As climate crisis threats multiply, the leaders of top polluting countries gathered for an international climate summit but some still failed to pledge to ramp up their goals to reduce carbon emissions and slow global warming.
US President Joe Biden's two-day virtual "Leaders Summit on Climate" to discuss the latest initiatives and targets to tackle global heating has been attended by world leaders, including some from the top polluting countries. While talk has been big and generous, it has raised questions of the achievability of set targets.
The two-day summit is part of Biden's efforts to restore US leadership on the issue after his predecessor, Donald Trump, withdrew the country from the legally binding Paris Agreement on Climate Change in 2017. Biden reversed the decision shortly after taking office.
The climate summit, symbolically kicked off on Thursday, on Earth Day.
Country leaders were joined by executives from big banks and energy companies, billionaires and other entrepreneurs.
Biden and US Vice President Kamala Harris opened the summit by asking dozens of leaders to declare new goals to keep global warming within 1.5 degrees Celsius.
We take a look at the promises and initiatives of the world's three largest polluters with the highest greenhouse gas emissions and what they are doing to reach their assertive targets.
When you compare the overall current best available science to their insufficient, hypothetical "climate targets" you clearly see that there’s a gap, there are decades missing.— Greta Thunberg (@GretaThunberg) April 22, 2021
Until we adress this gap, no real solutions will be found.
Let's call out the bullsh*t.#MindTheGap pic.twitter.com/USlPII68Zs
China will start phasing down coal use from 2026 as part of its efforts to slash greenhouse gas emissions, President Xi Jinping said at the summit, disappointing campaigners hoping for more ambitious pledges.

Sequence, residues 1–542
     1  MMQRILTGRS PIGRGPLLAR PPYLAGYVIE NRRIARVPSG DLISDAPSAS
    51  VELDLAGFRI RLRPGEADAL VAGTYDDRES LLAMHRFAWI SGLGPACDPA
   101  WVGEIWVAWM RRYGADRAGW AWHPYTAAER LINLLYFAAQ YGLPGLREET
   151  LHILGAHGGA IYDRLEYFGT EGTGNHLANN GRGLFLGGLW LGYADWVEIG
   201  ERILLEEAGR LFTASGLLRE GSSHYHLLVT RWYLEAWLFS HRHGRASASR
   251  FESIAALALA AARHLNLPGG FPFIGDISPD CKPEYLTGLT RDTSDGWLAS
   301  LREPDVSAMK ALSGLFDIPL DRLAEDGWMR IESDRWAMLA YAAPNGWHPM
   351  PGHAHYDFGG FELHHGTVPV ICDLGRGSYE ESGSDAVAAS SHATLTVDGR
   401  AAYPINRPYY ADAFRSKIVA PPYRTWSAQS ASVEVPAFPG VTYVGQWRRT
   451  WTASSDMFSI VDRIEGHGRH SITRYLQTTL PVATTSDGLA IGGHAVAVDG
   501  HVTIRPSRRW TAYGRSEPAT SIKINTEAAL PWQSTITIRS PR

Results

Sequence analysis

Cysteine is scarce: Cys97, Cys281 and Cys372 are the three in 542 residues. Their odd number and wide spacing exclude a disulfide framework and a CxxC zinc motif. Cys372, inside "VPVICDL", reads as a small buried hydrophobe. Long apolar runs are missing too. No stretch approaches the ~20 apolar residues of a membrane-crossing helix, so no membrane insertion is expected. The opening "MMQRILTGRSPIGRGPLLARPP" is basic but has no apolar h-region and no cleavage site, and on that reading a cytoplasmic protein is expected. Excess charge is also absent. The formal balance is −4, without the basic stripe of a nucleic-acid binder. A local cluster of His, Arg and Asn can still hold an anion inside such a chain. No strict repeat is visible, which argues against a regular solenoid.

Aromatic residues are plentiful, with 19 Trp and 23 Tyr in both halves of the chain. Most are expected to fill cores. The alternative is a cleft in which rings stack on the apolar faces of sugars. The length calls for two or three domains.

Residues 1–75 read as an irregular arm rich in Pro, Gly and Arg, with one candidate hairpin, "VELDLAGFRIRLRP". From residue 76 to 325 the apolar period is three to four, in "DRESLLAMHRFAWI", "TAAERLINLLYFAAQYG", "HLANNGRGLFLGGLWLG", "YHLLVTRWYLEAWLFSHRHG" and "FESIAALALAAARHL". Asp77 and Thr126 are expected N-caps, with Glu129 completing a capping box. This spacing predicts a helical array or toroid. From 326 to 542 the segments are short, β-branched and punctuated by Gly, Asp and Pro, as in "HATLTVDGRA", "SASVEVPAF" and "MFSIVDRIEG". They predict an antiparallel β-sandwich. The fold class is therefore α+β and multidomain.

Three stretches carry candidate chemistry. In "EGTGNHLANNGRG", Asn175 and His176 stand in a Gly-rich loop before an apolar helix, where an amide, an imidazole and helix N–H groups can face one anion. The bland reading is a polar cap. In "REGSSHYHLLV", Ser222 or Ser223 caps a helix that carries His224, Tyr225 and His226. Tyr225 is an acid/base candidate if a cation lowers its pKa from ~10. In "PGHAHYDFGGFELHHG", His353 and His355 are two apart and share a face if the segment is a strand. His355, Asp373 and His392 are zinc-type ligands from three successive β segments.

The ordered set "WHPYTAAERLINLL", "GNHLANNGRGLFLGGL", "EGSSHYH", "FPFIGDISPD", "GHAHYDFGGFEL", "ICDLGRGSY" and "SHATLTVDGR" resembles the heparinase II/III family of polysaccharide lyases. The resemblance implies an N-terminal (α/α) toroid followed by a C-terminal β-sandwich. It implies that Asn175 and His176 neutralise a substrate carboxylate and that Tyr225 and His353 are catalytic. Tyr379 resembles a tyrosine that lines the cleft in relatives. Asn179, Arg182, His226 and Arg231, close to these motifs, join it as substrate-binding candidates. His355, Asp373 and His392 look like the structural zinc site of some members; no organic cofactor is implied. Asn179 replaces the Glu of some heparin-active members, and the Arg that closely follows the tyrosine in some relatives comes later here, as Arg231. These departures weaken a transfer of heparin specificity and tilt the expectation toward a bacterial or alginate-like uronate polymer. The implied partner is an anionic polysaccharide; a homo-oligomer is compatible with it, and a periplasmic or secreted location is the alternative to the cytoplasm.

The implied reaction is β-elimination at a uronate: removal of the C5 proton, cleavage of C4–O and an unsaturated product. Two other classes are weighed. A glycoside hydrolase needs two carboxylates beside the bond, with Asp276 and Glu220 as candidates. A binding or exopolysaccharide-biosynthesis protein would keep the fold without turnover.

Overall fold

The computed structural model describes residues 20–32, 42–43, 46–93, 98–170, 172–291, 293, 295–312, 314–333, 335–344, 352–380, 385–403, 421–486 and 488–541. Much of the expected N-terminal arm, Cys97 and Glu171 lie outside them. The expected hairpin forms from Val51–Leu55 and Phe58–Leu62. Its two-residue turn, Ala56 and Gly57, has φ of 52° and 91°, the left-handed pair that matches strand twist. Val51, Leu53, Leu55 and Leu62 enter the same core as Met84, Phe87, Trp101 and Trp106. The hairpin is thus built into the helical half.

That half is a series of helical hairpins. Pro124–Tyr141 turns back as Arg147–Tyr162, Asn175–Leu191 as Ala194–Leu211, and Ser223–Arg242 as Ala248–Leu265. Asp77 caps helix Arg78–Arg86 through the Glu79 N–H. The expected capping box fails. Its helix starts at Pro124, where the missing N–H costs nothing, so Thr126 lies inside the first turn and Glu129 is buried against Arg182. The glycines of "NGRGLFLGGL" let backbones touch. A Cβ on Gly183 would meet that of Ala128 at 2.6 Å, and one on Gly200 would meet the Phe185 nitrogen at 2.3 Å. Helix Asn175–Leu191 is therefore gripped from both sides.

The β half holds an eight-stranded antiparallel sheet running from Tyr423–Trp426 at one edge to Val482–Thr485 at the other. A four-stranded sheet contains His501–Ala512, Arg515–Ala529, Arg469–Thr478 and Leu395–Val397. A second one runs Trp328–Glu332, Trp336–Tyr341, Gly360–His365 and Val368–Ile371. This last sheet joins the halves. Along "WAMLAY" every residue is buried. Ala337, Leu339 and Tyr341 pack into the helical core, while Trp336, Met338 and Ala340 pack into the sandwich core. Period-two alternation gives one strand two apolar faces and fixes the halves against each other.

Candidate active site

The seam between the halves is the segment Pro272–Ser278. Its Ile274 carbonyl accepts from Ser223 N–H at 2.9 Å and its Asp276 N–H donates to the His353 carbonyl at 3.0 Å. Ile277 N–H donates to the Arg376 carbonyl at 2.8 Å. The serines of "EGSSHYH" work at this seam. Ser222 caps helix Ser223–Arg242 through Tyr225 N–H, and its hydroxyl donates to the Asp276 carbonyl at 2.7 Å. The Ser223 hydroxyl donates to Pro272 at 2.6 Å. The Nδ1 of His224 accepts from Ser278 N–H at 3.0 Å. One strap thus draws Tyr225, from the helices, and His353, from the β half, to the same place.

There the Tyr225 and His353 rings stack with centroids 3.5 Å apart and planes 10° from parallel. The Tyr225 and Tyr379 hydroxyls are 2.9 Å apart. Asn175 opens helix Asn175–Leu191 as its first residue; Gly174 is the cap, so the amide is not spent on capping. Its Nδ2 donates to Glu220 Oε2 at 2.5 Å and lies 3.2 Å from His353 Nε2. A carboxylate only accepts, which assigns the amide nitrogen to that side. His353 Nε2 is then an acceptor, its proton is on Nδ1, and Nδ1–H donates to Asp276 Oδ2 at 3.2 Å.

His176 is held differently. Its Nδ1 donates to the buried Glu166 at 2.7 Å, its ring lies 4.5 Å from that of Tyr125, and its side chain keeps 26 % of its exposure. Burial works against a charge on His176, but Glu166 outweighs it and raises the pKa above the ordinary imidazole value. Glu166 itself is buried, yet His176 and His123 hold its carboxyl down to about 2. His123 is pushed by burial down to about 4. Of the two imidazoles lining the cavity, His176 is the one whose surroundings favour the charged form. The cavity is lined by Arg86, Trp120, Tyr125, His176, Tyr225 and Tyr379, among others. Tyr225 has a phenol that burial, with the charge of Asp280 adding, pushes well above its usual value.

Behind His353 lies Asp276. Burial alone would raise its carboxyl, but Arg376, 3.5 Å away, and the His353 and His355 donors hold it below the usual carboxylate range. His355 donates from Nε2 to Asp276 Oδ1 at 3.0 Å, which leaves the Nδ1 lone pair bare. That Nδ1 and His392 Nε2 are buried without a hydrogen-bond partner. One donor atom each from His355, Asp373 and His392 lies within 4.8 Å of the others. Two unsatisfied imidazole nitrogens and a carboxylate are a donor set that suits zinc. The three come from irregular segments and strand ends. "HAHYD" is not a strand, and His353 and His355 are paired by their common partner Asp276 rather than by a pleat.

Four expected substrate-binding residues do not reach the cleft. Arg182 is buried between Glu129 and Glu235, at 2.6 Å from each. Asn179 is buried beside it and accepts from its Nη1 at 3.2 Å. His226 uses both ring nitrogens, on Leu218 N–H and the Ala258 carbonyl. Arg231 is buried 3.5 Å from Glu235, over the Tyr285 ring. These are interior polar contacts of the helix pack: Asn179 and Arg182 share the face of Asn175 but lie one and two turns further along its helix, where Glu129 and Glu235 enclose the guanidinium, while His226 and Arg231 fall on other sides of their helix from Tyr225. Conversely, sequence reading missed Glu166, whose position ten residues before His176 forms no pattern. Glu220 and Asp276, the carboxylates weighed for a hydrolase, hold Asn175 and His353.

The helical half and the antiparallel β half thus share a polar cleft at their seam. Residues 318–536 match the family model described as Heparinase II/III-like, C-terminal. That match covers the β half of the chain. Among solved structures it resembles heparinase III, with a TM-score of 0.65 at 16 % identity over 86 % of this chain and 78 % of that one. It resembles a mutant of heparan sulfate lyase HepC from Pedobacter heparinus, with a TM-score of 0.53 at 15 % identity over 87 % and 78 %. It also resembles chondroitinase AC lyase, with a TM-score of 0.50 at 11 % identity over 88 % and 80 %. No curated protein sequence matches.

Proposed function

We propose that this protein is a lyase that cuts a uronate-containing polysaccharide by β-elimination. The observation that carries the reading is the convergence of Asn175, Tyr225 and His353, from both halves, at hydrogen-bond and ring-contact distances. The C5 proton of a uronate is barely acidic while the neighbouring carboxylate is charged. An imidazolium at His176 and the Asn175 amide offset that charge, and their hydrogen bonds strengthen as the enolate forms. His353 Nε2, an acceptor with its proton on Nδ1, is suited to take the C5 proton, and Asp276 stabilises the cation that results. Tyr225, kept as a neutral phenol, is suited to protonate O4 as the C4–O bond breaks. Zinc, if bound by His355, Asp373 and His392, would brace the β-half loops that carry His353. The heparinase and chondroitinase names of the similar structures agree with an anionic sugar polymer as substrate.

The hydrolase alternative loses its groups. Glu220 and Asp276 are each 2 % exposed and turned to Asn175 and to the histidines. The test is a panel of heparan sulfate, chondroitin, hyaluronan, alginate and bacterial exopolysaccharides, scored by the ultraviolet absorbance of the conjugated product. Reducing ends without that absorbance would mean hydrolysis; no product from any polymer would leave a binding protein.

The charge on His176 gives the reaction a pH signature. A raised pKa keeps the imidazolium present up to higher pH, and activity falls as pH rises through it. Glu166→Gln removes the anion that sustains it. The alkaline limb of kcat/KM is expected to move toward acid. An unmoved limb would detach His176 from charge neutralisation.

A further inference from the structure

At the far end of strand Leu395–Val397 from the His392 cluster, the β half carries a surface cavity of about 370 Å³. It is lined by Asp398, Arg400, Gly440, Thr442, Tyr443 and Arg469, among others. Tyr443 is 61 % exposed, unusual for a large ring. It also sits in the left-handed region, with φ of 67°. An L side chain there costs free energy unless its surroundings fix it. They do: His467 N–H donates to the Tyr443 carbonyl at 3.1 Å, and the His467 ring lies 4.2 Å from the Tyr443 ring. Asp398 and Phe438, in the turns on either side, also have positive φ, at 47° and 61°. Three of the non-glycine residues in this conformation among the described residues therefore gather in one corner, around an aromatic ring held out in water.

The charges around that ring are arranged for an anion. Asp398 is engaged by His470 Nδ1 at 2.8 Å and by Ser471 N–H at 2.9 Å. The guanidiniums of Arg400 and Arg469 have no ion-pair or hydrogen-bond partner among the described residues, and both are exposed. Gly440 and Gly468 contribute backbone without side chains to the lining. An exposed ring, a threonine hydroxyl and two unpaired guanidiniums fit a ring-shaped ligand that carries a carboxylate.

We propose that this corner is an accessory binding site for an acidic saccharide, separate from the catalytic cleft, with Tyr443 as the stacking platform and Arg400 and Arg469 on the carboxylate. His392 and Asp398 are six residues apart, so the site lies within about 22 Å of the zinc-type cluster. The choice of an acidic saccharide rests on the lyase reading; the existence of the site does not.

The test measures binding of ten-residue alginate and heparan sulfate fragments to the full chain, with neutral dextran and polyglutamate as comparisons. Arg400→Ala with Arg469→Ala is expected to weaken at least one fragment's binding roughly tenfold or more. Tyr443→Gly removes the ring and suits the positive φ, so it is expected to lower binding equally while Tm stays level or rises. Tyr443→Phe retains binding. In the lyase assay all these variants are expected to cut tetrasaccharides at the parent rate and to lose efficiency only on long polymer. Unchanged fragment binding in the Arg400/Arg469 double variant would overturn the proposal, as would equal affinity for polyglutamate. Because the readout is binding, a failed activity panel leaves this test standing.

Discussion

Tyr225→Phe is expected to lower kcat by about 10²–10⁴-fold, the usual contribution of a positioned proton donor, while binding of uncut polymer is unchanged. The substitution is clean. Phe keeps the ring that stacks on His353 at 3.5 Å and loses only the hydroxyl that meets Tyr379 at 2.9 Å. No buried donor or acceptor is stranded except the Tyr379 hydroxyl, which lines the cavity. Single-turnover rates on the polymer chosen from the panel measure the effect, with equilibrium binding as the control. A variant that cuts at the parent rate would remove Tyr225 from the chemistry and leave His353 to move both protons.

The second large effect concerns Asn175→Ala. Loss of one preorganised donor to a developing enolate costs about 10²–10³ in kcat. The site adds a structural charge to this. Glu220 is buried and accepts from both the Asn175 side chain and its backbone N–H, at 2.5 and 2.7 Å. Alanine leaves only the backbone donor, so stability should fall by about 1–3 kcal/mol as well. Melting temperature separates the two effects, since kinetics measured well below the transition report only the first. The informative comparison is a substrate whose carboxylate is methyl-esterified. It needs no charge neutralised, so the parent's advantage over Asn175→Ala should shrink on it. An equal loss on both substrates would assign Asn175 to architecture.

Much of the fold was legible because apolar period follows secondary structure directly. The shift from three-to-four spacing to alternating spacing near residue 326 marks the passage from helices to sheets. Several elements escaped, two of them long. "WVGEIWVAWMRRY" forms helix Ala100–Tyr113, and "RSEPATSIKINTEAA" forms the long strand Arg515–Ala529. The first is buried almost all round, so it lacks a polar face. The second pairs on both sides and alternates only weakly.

Xi, speaking via video, said China was committed to green development and upgrading its coal-dependent energy system, a major source of climate-warming emissions.
"We will strictly limit the increase in coal consumption over the 14th five-year plan period (2021-2025) and phase it down in the 15th five-year plan period (2026-2030)," he said.
Xi's comments mean that China's coal consumption, by far the highest in the world, will reach a peak in 2025 and start to fall thereafter.
Most worryingly, China remains committed to supporting the coal industry even as the rest of the world experiences a decline, and is now home to half of the world’s coal capacity.
China’s coal activities remain inconsistent with the Paris Agreement.
It would need to phase out coal before 2040 under 1.5˚C compatible pathways, but it appears to be going in the opposite direction.
The Climate Action Tracer rates China as “highly insufficient” to reach climate goals.
China's CO2 emissions rose in 2018 and 2019, and 2020 GHG emission data shows an increase by 0.8 percent in the upper bound and a decrease by 7.7 percent in the lower bound compared to 2019 levels, with most of the drop due to the pandemic.
China is on track to achieving its 2030 peaking target and overachieving its carbon intensity without showing significant progression in its climate action.
History has to be made at @POTUS' #EarthDay Summit.— Jennifer Morgan (@climatemorgan) April 21, 2021
No more false solutions or delay tactics, like voluntary net-zero targets & offsets.
The wealthiest nations must go beyond halving their emissions by 2030 & repair their damage.https://t.co/GYeKsohYHQ
United States of America
Telling the world that it must “overcome the existential crisis of our time,” Biden announced a new goal of cutting US greenhouse gas pollution by 50-52 percent by 2030.